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WEA Dedicates New Evangelical Center in New York

( [email protected] ) Dec 10, 2010 04:26 AM EST
BINGHAMTON, NY – For the first time since its establishment over a century ago, the World Evangelical Alliance now has a center to gather and unite Christian leaders from around the globe with the establishment of a new facility in upstate New York.
The Rev. Dr. Geoff Tunnicliffe, secretary general of World Evangelical Alliance, delivers sermon for the Dedication Service of the organization's new Evangelical Center in Binghamton, New York, on Dec. 9, 2010. The Christian Post

BINGHAMTON, NY – For the first time since its establishment over a century ago, the World Evangelical Alliance now has a center to gather and unite Christian leaders from around the globe with the establishment of a new facility in upstate New York.

On Thursday, leadership and staff from WEA, the world's largest body of evangelicals, and representatives from collaborating organizations held a dedication service and ribbon cutting ceremony for the center which will serve as a conference, research, study and work center for evangelicals worldwide.

The Evangelical Center, located in Binghamton, is a 64,000-square-foot facility with conference halls, offices, classrooms, an R&D center, a library, sports facilities, and a dining hall. It will house the offices of WEA, which represents over 420 million evangelicals around the world through its global network, and its training arm, the WEA Leadership Institute.

The center will also be home to evangelical organizations collaborating with WEA including the World Olivet Assembly, a global gathering of evangelical churches and para-church organizations, and Olivet University, an evangelical Christian university based in San Francisco with extension campuses across North America, which has been an education partner with the Leadership Institute.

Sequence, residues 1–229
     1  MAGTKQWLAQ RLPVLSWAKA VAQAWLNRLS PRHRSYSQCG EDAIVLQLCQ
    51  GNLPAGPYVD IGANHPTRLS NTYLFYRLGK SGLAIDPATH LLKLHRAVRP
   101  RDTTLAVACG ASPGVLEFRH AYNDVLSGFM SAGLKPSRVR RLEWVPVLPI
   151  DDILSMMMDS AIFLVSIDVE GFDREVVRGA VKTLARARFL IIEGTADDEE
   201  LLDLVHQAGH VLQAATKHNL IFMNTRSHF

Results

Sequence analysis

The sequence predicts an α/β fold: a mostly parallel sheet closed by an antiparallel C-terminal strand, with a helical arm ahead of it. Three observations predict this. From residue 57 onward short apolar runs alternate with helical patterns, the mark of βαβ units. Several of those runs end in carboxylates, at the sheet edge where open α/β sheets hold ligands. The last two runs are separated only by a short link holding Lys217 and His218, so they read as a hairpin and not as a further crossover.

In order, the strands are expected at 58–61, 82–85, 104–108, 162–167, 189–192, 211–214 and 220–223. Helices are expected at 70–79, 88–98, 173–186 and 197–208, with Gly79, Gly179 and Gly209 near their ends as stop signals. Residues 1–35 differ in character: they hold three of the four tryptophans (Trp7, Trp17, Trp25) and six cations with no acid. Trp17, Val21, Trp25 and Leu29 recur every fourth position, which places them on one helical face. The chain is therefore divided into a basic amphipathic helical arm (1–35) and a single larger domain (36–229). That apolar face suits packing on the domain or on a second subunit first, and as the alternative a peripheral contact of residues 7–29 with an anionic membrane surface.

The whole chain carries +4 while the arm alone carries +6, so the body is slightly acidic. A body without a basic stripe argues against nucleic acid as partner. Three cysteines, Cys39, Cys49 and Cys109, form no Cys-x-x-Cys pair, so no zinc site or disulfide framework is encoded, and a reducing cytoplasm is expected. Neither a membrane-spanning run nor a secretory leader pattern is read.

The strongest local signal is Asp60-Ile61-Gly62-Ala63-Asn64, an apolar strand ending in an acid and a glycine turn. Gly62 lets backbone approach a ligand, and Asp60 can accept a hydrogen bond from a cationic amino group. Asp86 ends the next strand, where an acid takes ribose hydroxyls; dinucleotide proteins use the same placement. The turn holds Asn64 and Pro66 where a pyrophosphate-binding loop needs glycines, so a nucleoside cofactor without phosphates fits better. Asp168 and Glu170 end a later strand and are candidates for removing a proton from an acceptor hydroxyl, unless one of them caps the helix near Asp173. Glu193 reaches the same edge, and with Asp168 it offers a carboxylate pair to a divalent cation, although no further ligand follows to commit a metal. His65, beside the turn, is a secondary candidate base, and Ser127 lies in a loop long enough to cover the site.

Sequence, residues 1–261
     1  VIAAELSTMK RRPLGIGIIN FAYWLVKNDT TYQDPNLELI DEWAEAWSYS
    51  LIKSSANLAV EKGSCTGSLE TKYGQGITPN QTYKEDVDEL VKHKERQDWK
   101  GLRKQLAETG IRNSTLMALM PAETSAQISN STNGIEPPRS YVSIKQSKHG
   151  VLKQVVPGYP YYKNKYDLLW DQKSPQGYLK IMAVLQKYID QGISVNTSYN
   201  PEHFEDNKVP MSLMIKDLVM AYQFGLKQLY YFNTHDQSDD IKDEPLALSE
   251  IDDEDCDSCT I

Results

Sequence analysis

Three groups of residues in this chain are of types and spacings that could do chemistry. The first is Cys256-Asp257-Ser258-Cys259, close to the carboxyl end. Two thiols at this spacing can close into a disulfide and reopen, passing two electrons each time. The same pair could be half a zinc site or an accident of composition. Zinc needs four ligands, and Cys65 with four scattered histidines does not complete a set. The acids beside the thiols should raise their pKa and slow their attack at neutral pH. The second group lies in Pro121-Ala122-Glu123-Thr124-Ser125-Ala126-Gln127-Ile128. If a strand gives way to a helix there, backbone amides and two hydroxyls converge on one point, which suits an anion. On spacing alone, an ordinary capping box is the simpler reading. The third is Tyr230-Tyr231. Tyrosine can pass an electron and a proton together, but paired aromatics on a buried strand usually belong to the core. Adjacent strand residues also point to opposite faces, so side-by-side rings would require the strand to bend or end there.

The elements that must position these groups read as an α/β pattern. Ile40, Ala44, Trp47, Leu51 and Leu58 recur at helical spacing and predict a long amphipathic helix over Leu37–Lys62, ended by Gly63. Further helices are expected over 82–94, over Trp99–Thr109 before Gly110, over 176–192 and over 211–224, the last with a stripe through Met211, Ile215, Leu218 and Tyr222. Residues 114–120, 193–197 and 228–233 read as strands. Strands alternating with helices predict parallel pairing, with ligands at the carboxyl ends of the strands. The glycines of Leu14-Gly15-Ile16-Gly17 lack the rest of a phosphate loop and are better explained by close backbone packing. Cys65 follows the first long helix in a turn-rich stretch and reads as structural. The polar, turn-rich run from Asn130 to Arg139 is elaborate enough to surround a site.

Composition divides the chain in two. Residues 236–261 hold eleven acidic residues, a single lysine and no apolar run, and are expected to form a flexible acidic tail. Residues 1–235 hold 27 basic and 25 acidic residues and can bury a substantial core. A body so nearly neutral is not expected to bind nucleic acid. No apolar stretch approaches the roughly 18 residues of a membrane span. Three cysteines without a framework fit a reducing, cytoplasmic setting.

WEA representatives, including CEO/Secretary General Dr. Geoff Tunnicliffe, joined with representatives from Olivet University and World Olivet Assembly in the ceremonial ribbon-cutting of the center.

During the dedication service, Tunnicliffe described the Evangelical Center as "a study center, research center, conference center, a place to engage in strategic thinking, and a place of personal and corporate renewal."

In his sermon, he pointed to the Lord's Prayer and its core emphasis being on the Kingdom of God. He offered several practical examples of how he thought the Kingdom of God might be expressed in our day, from the economy seeing a zero percent jobless rate to conflicts being nonexistent as Palestinians work side by side with Israelis. But most importantly, according to Tunnicliffe, the Kingdom would be a place where "God's name is hallowed and His will is followed."

He said that more than being "Kingdom builders" he wished for WEA and its partner organizations to be remembered as "Kingdom prayers," noting that God's Kingdom does not just come with human power but only by seeking from above.